We Need More of Us in Every Room Across the Country
By: Betsy Castro, VP, Finance and Operations
As a child of immigrant parents, I never realized that my name was difficult to pronounce.
It wasn’t until our family moved to a predominantly white neighborhood and I started attending public school in that neighborhood that this became a reality for me. I remember vividly the day my teacher couldn’t pronounce my name “Betsabe” and decided to give me a nickname which I still embrace today, Betsy. At the time, I didn’t understand the dynamics or repercussions of this simple action, I was young and happy to have been given a nickname.
But as I reflect now on how that shaped my educational and professional journey, I wonder: how different would it have been if the teacher would have taken the time to learn how to pronounce Betsabe? Or if I had been matched with a Latino educator who celebrated my name and identity?
Unfortunately, not much has changed since I was in elementary school. Today, millions of Latino students will go through school without ever having a Latino educator. But I’m excited to join an organization that is working to change that by getting more Latinos into the education sector and elevating the voice of Latinos within education policy.
As Latinos for Education’s first ever Vice President of Finance Operations, I am finally able to bridge my professional experience in finance with my passion for education.
I started my career in finance and spent almost 20 years working in that field, doing everything from auditing to corporate finance. In this field, I was often one of the few Latinas in the room, but I didn’t allow that to deter me from being great at my job.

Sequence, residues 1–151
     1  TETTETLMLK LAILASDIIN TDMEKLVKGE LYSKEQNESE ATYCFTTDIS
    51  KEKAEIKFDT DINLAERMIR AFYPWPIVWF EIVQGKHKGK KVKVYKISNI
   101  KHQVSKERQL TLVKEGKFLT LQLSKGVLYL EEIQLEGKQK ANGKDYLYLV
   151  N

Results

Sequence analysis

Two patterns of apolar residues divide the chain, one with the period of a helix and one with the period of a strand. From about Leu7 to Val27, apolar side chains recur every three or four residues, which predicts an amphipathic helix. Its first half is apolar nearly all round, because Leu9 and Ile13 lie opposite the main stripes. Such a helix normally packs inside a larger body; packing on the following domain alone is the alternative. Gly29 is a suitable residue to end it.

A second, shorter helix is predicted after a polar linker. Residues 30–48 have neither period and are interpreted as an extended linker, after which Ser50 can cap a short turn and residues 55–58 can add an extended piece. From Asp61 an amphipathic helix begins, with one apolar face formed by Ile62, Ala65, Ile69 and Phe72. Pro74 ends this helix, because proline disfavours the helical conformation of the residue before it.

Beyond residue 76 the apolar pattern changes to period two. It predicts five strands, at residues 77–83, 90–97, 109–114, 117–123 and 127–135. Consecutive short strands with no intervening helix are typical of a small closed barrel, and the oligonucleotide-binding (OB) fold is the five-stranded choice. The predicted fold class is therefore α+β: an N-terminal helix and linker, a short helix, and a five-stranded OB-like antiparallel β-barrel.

After a career switch, I got my start in the education space first as a founding leader of a charter school in Staten Island, New York, that serves predominantly Latino students and English Language Learners. That experience was transformative, as I was able to build something for students who come from and share similar experiences like mine. A career in education quickly followed as I served in leadership roles for organizations like Princeton University, Princeton-Blairstown Center, and Innovate Public Schools.
Latinos for Education aligns with my values and as I step into my new role I look forward to using my many years of experience in finance and building opportunities to scale and sustain the work of this amazing organization.
It’s not lost on me that I would not be where I am today without a community of mentors and peers who always encouraged me to keep going. That is why I’m stepping into an organization that is offering that to so many other Latinos at the right time.
We cannot standby and allow the education system to continue undeserving Latino students because our nation’s future is at stake. As Latinos we make up a significant amount of the workforce. That percentage is only going to continue to grow, that is why the work of Latinos for Education is so important. I have learned that the education system is not set up for each student to be afforded the same opportunities as the student they are sitting next to. Until we decide to equitably offer education to each student our country will not thrive until. For that to happen we need more of us not only in classrooms but in every room across the country.
We are changing the way education leaders see and support Latino students and our work is just getting started.
Betsy Castro is the founding Vice President of Finance and Operations at Latinos for Education, where she is responsible for stewarding financial strategy and planning for optimal scaling. She is also the founder of Castro Concepts, LLC, a boutique consulting firm providing fractional chief financial services to mission-driven organizations. In 2020, Betsy received the Harold L. Conover Leadership Award for exhibiting exemplary leadership qualities in a non-profit organization. Betsy holds a Master’s in Business Administration and a Bachelor’s in Accounting from Rider University. She has over 15 years of experience in finance, operations, project management, entrepreneurship, and strategy.